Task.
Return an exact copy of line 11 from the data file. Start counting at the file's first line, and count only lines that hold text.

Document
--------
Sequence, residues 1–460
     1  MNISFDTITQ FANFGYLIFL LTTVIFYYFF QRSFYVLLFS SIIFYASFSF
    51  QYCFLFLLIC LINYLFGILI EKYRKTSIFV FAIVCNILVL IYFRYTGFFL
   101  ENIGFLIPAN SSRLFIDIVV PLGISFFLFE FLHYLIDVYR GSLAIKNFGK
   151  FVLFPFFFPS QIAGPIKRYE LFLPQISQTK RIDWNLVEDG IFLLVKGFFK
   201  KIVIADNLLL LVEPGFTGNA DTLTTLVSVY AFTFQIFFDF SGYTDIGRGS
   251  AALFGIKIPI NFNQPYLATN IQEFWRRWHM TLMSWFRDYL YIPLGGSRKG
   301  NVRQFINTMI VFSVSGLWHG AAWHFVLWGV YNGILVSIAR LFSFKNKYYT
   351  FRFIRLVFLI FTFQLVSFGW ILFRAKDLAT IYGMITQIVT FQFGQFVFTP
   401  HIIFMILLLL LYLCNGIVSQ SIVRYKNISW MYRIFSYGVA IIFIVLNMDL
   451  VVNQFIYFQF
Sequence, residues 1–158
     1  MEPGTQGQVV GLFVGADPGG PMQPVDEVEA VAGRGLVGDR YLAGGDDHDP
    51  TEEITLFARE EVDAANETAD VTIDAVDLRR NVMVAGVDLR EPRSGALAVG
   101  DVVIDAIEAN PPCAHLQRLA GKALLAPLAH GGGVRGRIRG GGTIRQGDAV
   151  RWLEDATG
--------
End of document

   451  VVNQFIYFQF